From the FCC: What is the cause of these problems?

In a nutshell, the problem appears to be occurring in rural areas where long distance or wireless carriers normally pay higher-than-average charges to the local telephone company to complete calls. That is, in order for a long distance or wireless carrier to complete one of its subscriber’s calls to a resident of a rural area, the carrier must get the call to the exchange serving that resident (the local phone company), and then pay a charge to that local carrier to access its exchange. The physical process of getting the call to the exchange is called “routing,” and the charge paid by the long distance company to the local carrier is called an “access charge.” These charges are part of the decades-old system of “access charges” that help pay for the cost of rural networks. To minimize these charges, some long-distance and wireless carriers contract with third-party “least-cost routing” service providers to connect calls to their destination at the lowest cost possible. Although many of these contracts include strictly-defined performance parameters, it appears that all too frequently those performance levels are not being met or, indeed, some calls are not even connecting at all.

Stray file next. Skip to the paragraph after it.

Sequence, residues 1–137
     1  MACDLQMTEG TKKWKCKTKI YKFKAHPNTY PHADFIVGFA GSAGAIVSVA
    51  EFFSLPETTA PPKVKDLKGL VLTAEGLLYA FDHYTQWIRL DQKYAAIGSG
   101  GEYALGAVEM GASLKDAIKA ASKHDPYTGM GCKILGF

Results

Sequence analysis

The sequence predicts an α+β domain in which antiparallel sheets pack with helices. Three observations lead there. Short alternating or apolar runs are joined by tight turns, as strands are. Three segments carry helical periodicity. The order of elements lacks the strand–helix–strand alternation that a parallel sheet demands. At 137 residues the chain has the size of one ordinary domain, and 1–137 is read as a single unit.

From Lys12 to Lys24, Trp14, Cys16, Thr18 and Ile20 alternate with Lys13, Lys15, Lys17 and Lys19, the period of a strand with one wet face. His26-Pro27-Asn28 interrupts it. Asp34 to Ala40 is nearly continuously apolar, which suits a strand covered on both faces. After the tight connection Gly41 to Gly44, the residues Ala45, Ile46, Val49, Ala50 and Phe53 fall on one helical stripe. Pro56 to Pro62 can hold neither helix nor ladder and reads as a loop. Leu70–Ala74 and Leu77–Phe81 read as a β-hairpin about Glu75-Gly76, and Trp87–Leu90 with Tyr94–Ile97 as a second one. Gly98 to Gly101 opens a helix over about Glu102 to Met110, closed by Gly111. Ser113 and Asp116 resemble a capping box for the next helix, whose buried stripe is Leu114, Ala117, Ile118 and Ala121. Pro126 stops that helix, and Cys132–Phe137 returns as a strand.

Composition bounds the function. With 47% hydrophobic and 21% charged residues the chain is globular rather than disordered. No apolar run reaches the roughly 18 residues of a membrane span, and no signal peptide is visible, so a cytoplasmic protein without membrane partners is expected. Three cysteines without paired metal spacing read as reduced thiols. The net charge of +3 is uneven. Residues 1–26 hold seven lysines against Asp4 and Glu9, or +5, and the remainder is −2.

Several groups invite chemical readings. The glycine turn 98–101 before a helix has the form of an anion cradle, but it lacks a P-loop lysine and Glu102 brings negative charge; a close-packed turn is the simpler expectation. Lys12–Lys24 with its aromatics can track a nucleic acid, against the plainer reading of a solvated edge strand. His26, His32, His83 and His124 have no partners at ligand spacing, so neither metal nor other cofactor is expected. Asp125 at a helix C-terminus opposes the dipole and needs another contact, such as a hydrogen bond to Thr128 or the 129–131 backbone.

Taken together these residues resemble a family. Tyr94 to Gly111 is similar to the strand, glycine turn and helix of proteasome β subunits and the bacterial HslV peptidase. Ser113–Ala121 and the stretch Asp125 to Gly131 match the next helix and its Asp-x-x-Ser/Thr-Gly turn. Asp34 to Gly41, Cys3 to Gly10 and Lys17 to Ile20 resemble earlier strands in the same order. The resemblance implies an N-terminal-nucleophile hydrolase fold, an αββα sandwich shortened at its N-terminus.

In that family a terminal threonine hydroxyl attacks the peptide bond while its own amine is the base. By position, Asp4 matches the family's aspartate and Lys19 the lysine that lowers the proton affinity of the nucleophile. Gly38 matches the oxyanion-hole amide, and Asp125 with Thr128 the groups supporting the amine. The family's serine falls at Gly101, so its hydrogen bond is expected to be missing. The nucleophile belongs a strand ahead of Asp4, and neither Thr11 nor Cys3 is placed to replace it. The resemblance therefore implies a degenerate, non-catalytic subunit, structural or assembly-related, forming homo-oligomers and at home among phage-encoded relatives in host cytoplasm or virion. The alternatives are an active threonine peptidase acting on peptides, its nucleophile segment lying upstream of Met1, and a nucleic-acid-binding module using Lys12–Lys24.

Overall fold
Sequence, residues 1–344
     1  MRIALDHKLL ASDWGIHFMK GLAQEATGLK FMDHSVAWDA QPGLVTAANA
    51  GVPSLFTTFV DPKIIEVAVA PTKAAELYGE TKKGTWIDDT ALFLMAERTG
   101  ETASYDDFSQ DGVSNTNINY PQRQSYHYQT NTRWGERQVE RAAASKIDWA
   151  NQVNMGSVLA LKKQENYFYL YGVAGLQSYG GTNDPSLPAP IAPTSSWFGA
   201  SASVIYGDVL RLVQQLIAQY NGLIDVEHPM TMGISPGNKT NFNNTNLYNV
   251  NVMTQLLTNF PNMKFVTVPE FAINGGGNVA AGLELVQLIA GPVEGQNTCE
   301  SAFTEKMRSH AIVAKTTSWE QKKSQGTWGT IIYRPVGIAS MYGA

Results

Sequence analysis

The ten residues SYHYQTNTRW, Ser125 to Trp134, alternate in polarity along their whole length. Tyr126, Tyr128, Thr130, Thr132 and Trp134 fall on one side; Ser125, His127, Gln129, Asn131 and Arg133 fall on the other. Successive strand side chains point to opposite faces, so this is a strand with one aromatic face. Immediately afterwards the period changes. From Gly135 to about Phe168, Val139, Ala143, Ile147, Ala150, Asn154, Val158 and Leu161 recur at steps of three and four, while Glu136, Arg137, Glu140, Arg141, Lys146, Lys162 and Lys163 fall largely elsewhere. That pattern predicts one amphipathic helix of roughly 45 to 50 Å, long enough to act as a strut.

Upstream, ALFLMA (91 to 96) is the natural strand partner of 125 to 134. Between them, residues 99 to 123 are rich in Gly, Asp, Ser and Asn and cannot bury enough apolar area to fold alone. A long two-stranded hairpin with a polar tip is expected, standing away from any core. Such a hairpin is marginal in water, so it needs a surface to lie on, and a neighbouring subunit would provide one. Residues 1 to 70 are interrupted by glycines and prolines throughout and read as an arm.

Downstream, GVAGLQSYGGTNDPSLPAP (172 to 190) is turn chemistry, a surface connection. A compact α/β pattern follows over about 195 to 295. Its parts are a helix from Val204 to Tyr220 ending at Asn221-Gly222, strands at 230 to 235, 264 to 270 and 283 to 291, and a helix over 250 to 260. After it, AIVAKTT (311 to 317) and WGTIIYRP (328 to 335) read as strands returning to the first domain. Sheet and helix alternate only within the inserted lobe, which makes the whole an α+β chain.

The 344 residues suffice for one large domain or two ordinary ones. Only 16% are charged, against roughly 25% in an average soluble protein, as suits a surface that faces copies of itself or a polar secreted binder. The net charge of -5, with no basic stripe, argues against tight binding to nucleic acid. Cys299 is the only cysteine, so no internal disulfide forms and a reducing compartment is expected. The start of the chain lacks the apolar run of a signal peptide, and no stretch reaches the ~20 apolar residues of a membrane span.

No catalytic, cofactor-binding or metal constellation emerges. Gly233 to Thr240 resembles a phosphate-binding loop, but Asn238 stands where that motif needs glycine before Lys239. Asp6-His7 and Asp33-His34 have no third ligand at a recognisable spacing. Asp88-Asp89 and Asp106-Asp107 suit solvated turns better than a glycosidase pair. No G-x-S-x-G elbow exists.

What Can You Do?

AP&T Local Voice subscribers should urge the long distance or wireless callers having Call Completion issues to provide the details of the problem to their service provider.  Typically the trouble support contact details are available on the service providers website or even on the monthly bill.  The service provider of the caller having the completion issue should track down and remedy the issue for their customer.

If the call completion problems persist, please consider making a complaint to the FCC directly.

For problematic calls originating in Canada, please connect with the Canadian Radio-Television and Telecommunications Commission (CRTC).